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These Miscut Stamps Sold For More Than You Might Think On Pawn Stars

Stamp collecting is a mysterious hobby to outsiders. Some stamps are worth a lot, but you'd never know it just from looking at them. Others look like they should be worth a lot because there's something unique about them, but they're not in demand. It takes research and dedication to be a serious stamp collector. Not even the Pawn Stars guys are super well-versed in stamps compared to other things they know a lot about.

The great mystery of stamps was on display in a memorable season 6 episode, where a customer named Fred came into the World Famous Gold & Silver Pawn Shop with some miscut stamps he was hoping to get some cash for. He told the camera he wanted $800 to $1,000 for them. He was joking about that, but he really was hoping for a big payout.

The stamps in question were a page of eight-cent USPS stamps from 1971 with President Dwight Eisenhower's face on them. The page was all messed up, with corners cut off, missing perforations, and a print that goes this way when it's supposed to go that way. Fred got them from his father, who worked for the Postal Service and put them aside because he thought they might be worth something someday. Now, it was time to see what Rick and the Old Man would give him for them.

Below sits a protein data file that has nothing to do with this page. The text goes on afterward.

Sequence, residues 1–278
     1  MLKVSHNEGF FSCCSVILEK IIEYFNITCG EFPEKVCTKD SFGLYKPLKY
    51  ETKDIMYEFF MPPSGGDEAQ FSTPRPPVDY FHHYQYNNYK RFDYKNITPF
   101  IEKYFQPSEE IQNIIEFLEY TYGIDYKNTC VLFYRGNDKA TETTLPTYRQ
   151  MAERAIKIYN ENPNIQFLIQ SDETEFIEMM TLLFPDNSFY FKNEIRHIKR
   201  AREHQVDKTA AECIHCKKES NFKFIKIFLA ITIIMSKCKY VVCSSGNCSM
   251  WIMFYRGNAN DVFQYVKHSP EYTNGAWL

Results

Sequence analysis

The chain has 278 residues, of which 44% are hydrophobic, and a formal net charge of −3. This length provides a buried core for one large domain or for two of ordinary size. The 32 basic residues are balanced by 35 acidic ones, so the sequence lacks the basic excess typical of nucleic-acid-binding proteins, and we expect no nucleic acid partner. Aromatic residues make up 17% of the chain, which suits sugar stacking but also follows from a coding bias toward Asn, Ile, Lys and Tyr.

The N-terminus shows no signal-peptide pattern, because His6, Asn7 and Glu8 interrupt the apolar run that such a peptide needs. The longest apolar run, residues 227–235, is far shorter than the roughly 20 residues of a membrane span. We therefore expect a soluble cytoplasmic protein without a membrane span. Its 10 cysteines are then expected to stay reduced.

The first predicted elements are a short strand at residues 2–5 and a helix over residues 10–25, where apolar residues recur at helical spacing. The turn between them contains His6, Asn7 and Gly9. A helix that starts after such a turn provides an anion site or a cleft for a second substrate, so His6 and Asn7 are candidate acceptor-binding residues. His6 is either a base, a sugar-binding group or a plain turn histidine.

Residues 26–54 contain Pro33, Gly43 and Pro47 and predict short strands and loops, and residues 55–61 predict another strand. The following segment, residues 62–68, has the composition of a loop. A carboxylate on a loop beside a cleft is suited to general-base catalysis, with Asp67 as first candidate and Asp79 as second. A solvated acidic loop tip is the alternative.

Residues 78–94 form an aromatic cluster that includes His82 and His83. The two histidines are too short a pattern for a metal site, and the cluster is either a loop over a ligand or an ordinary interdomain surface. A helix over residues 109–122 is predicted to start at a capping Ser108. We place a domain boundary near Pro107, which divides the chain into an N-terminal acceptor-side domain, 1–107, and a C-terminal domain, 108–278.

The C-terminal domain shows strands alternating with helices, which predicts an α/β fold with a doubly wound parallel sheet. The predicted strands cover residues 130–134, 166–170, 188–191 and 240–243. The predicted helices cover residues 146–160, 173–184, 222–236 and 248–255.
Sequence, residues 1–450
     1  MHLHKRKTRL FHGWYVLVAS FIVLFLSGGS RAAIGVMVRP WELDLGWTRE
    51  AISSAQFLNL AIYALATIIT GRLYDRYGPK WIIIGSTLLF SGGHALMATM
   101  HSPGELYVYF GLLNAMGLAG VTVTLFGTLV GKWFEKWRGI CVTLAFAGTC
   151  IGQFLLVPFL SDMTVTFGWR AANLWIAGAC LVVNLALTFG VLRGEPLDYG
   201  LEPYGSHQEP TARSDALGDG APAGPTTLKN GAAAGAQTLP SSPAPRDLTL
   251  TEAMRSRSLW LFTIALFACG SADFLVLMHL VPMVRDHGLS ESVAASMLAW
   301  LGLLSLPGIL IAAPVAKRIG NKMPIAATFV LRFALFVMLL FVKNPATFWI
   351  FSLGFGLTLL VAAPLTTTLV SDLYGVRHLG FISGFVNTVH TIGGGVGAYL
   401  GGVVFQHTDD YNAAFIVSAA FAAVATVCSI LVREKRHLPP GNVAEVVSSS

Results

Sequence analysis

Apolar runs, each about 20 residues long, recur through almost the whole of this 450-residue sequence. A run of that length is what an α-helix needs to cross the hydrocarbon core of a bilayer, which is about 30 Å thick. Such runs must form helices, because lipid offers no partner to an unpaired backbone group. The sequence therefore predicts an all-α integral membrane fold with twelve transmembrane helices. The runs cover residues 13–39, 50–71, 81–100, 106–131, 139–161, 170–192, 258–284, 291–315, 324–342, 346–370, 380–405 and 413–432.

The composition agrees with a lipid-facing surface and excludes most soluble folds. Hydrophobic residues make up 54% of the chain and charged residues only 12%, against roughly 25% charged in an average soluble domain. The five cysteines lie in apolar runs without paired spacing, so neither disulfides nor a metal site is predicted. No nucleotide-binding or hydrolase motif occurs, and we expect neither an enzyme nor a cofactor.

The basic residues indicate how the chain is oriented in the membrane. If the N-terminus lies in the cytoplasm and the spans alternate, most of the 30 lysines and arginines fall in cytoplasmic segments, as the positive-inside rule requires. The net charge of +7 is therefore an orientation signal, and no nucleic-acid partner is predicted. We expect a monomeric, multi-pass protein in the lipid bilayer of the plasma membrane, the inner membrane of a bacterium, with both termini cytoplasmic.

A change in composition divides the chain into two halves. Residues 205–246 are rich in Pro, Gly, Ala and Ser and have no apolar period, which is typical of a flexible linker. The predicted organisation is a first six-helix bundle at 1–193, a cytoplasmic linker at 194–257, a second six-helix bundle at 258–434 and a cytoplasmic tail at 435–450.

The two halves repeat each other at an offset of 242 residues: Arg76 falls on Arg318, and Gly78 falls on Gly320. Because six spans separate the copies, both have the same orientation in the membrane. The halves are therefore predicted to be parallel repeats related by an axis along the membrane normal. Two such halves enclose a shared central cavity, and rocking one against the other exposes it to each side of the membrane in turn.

Rick likes Ike

Rick and the Old Man took a look at the stamps, but weren't sure how to value them, so they called in their stamp and coin expert Jay Tell to evaluate.

Tell explained that this was more than just a simple miscut. "This is four or five errors combined in one," he said. There were "clips" in several places where the stamps were cut off, a miscut that made the stamps an imperfect shape, and an "imperforate error," where the perforations that were supposed to separate the stamps were missing. "Out of millions of these panes produced, you don't see this too often," Tell said.

Rick asked him how much he thought the rare stamps were worth, and after a long (edited) pause, Tell gave his answer: between $500 and $700. Fred was aghast.

That figure was more than Rick was expecting, however. "I thought you were going to say 50 bucks," he said with a laugh.

Rick asked how much Fred wanted for the stamps, and he asked for $500, the low end of the quoted figure. "That's not the low end, son, that's retail," the Old Man grumbled. Rick countered with $400. Fred really struggled with that — he clearly had his heart set on thousands — and finally countered with $425, which Rick accepted.

While $425 is not a windfall, it's a lot for some stamps. The whole book only cost $2 in 1971!